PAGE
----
Grass weed management in retained stubble systems - farm demonstrations

2016
CC BY 4.0

Research organisaton
Funding source

Trial details

Researcher(s) Amanda Cook (SARDI)
Ben Fleet (University of Adelaide)
Year(s) 2016
Contributor Eyre Peninsula Agricultural Research Foundation
Trial location(s) Site 2, Minnipa Agricultural Centre, SA
Grass weed management in retained stubble systems - farm demonstrations locations
Aims

The GRDC ‘Maintaining profitable farming systems with retained stubble’ projects on upper and lower Eyre Peninsula (EP) aim to improve farm profitability while retaining stubble in farming systems. Grass weed management is one of the key issues of current cropping systems with annual ryegrass and barley grass being of most importance on lower EP (LEP) and upper EP (UEP) respectively. Herbicides continue to be the main strategy for weed control, and on LEP the intensification of cropping rotations and the decrease in livestock from farming systems has resulted in even further pressure on herbicides, resulting in the accelerated development of herbicide resistance in ryegrass.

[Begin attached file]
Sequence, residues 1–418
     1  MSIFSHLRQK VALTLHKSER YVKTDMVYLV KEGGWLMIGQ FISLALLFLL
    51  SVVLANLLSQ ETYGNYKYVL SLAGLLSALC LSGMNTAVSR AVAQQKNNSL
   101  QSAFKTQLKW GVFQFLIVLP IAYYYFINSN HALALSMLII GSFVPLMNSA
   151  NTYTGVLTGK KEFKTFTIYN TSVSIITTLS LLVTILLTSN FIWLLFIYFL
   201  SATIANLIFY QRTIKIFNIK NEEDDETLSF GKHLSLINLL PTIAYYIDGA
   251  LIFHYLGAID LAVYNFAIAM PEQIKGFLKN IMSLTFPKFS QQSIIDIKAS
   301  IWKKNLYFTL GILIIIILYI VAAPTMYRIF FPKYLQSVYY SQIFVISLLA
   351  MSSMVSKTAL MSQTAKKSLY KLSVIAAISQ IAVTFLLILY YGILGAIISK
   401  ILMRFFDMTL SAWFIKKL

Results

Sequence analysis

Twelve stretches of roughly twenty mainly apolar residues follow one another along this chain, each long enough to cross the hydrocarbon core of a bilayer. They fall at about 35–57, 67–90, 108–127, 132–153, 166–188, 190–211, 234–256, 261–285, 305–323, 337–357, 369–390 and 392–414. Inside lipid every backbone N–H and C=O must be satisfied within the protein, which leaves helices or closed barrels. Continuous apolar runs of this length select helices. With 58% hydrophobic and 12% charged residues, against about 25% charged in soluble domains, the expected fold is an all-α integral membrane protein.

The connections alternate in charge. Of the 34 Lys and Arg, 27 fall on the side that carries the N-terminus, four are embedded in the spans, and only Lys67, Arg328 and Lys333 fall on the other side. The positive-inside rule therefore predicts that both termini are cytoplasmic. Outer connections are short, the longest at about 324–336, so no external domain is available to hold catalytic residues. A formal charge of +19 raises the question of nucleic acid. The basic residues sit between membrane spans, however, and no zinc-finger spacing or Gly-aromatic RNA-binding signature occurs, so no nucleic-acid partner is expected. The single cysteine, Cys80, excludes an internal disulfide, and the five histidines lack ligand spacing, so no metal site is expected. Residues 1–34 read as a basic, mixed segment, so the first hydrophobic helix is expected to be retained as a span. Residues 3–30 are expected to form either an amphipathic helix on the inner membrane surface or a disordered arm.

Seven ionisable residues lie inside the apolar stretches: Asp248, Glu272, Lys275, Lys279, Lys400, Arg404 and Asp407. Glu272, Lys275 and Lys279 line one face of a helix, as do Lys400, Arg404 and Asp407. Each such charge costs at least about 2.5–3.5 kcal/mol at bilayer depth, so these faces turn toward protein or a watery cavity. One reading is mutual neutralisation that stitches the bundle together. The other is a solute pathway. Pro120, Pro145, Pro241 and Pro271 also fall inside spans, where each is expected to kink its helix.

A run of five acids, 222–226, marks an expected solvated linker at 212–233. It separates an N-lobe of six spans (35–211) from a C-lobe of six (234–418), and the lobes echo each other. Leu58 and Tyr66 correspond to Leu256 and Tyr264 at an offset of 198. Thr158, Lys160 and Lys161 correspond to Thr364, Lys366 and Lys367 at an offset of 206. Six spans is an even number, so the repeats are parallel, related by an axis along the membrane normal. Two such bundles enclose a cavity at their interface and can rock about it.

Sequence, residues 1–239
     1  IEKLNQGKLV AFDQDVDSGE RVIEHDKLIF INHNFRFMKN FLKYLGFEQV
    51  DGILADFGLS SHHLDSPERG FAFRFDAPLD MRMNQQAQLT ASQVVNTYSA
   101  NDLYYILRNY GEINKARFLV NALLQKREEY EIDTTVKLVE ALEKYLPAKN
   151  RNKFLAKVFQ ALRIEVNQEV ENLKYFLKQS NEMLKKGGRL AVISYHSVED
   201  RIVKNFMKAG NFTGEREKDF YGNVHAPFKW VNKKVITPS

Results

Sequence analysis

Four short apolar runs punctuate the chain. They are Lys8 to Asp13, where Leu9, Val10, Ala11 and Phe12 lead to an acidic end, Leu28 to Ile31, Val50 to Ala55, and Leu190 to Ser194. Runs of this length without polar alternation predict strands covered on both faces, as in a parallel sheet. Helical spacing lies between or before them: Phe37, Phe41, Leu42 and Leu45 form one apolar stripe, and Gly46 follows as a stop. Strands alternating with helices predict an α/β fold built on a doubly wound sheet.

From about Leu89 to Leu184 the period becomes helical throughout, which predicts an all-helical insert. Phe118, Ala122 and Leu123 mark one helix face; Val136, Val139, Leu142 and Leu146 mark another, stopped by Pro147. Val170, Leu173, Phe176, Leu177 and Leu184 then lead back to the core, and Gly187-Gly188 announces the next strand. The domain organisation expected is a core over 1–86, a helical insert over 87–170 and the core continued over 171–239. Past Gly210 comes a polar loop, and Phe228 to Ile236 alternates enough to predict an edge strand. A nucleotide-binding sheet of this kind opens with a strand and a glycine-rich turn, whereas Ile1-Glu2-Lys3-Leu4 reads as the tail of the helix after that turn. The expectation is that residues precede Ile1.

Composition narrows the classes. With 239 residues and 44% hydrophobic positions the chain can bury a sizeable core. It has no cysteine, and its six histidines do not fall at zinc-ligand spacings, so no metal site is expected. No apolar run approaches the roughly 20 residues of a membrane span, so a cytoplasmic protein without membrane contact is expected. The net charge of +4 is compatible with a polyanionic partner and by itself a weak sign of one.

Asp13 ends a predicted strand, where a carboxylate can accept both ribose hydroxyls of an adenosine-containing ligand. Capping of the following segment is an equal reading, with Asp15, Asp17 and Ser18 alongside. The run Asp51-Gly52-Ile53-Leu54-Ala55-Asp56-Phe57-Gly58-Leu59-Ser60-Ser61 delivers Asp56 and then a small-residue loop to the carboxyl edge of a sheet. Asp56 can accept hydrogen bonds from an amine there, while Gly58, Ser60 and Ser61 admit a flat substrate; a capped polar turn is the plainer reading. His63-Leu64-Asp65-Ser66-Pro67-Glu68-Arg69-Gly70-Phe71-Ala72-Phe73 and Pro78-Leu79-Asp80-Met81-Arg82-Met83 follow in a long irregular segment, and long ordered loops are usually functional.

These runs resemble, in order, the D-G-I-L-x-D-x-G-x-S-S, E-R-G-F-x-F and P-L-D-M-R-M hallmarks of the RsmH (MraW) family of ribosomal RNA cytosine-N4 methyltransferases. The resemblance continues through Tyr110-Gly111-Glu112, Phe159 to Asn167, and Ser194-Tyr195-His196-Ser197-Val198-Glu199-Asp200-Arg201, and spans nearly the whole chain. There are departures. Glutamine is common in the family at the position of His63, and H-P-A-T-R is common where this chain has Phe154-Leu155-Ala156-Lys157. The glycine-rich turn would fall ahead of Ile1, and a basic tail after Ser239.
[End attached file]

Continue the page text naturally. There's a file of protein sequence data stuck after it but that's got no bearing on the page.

An integrated approach to weed management (IWM) is required to slow the development of herbicide resistance and improve the sustainability of our farming systems. IWM aims to lower the weed seed bank with the use of herbicides as well as non-chemical techniques such as cultivation, higher sowing rates, and harvest weed seed management such as burning stubble, narrow windrow and chaff cart dumps. Demonstration paddocks were monitored to assess grass weed management strategies in current farming systems. This information will be used to improve the Ryegrass Integrated Management (RIM) model for EP systems, and potentially produce other grass weed management models (barley grass).

Key messages
  • The ability to capture barley grass seeds at harvest is limited.
  • If seed can be captured and placed in windrows, windrow burning can reduce grass weeds.